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Having had other things on what I'm coming to think of as my summer plate of misery, I haven't had much time to troll the blogspace. Too bad, because I'm coming in on the tail end of a conversation taking place over at NKotH and Reassigned Time, and I wouldn't have even noticed had it not been for a stop over at Debbie's. Bad blog-reader!

Interesting to me, mostly because (as I've mentioned here before), I'll be on the market once more this fall, and I had the opportunity during my Iowa swing in June to talk about it with family and friends. I'm in a different situation, though, because I'll no longer be applying to junior positions, which leaves me much more at the whim of the market than I was when I left my first position to come to Syracuse. Advanced positions that are neither (a) endowed chairs, nor (b) administrative ladder-rungs, are few and far between, and that's what I'll be looking for. I've also got some personal preferences that will narrow my options even further, most likely.

But I was also conscious, as I was poring over comments, of the fact that I was one of those job-changelings--I left a position after 4 years in order to take my current position. To be fair, though, 1 of those years was a temporary, fill-in gig, after which I was hired (after a full search) to stay in the position. I was similarly conscious of how quickly conversations like these can go south, in part because any time you're mixing generations and disciplines, you're going to have a lot of people speaking from a very limited set of experiences and generalizing those to the "job search," which is common across all disciplines only in the most general of senses.

Which is not to insult anyone participating there. And I'm not going to pontificate as though my generalizations are somehow more accurate than anyone else's. What I will say, though, is that our institutions function in such a way as to encourage us--all of us--to test the market as frequently as is emotionally possible, and none of us should apologize for doing so. The starting salary for assistant professors, at every institution I've been at, has risen faster than the actual salaries. That's the phenomenon known as compression, and what it means is that there are economic incentives to be the new kid as often as possible. I've been on search committees where we hired new assistant professors at a higher salary than I myself was making. Not exactly a morale booster, that.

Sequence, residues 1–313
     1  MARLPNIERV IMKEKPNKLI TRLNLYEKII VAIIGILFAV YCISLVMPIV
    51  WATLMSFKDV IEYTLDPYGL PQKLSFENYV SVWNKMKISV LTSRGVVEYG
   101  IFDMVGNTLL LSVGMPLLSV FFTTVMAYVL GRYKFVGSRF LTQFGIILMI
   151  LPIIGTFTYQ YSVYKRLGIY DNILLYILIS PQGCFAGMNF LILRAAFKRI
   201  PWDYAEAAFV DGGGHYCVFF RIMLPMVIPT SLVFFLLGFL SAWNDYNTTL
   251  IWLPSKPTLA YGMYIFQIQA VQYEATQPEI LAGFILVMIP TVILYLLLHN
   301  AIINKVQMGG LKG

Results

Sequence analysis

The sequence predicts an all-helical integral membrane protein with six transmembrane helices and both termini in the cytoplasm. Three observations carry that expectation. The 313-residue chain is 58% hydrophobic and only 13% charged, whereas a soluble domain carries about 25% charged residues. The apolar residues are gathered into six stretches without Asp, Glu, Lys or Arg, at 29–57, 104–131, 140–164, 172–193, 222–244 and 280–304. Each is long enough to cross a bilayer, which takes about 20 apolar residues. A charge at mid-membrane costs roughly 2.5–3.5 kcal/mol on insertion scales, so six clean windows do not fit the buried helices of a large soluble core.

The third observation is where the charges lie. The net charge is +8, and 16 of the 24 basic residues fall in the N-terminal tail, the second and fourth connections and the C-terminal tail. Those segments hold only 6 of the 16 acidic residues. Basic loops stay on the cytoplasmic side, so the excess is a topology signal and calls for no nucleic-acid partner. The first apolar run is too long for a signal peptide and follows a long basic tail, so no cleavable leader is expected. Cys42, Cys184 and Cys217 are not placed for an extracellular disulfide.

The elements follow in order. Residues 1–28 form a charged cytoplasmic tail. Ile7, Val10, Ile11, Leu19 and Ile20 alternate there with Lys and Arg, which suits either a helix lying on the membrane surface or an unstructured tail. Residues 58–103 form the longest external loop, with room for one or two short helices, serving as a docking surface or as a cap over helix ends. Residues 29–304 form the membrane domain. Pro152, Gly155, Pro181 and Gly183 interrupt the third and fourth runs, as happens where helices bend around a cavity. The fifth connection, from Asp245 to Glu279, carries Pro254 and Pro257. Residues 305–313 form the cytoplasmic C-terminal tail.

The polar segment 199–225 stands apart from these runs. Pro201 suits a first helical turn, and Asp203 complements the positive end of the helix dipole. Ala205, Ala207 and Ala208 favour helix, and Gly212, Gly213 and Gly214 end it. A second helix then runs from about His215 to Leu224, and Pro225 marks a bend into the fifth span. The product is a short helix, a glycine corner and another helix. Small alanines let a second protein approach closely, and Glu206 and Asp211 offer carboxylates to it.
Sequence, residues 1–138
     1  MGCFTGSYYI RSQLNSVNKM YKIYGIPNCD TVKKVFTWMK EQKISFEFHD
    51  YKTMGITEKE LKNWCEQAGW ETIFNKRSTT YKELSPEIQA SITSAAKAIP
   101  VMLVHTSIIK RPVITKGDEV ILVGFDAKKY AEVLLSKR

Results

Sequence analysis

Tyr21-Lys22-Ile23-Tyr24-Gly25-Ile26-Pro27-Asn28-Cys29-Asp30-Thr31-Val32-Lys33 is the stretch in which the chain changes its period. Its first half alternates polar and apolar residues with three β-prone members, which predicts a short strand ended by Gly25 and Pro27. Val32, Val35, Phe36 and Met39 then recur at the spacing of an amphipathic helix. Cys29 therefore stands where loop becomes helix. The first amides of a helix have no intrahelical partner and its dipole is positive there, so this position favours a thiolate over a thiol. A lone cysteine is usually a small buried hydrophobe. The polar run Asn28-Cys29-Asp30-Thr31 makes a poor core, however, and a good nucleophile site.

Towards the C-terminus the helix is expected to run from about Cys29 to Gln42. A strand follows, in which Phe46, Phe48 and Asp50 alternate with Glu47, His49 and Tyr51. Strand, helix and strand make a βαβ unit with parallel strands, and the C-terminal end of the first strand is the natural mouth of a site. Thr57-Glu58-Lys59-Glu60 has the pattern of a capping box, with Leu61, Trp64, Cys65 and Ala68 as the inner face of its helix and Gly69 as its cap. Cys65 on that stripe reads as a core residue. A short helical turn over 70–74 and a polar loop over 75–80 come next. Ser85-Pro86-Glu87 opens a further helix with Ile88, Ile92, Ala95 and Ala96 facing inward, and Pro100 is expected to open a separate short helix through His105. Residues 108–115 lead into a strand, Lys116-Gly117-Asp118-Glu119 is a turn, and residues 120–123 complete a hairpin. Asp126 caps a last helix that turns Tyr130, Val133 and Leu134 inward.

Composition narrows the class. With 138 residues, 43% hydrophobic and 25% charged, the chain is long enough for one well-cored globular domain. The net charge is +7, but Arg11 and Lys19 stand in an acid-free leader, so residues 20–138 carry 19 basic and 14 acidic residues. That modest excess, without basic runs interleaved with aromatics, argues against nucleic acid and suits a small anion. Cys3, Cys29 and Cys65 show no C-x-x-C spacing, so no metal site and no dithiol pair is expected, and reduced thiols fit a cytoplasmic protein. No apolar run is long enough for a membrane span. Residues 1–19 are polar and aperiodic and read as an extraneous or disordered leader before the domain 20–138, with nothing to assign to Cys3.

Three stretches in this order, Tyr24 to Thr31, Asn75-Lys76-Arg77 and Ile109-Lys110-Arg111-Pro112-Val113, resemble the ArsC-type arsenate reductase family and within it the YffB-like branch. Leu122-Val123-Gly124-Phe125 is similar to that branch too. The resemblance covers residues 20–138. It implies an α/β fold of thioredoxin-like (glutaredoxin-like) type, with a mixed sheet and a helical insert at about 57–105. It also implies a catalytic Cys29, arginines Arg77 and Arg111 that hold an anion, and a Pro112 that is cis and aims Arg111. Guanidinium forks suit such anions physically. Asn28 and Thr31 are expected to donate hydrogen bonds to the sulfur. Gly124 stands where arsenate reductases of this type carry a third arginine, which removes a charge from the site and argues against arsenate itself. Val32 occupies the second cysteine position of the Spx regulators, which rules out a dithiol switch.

If for no other reason than that, no one should apologize for going on the market. And that's because "going on the market" means only one thing: if everything goes as planned, then all the applicant will have by springtime are options. Deciding to leave an institution, to me, is a different decision altogether, and involves issues like loyalty, commitment, contentment, etc. And if NK and DC had announced their intentions to leave their home institutions, come hell or high water, then some of the response they got might have been more warranted in my eyes. But it's a mistake to assume that people who are going on the market are necessarily leaving. If I were to choose to leave Syracuse, that would be a long, complicated, difficult decision. Choosing to put myself in a position to have to make that decision, by applying for other positions? That's just smart.

The other point worth raising is that the job search also requires a great of emotional labor, energy, time, and cash. There are people I know who would rather stay in an average situation than go through all the trouble of the job search, and that should say something. Hours and hours of preparing materials, investing attention and hope, the price of attending an annual convention and/or fronting the costs for campus visits, new clothes, submitting one's self to the evaluative gaze of strangers--the job search is often a demoralizing process, without any real guarantee of success. No one deserves anything other than support when engaging in that process.

Yeah, that's all.


I think you're right on the mark here: the system does encourage people to be on the market quite a bit, certainly as a not yet tenured faculty person, and I would agree money has a lot to do with it. Your salary for the rest of your time at an institution is based on what you come in at, so if you can get a better deal elsewhere, yeah, it's worth looking.

And looking is also what can get you something you want where you are at: money, potentially, but also something else. Which is what happened to my wife and I, and which is also why we're probably not going anywhere for a long time.

In my department, I know that the chair has encouraged some faculty to apply for positions so that they could get an offer, and so that he could then have a bargaining chip with the administration to get that person a raise.

The encouragement to apply was not so that the person would leave, but for the reason you note: to better one's options.

Well said, C. And Jeff's comment is really interesting, because I have never quite heard it put so directly. I mean, that's obviously the way it works, but for a head/chair to encourage so explicitly, dang.

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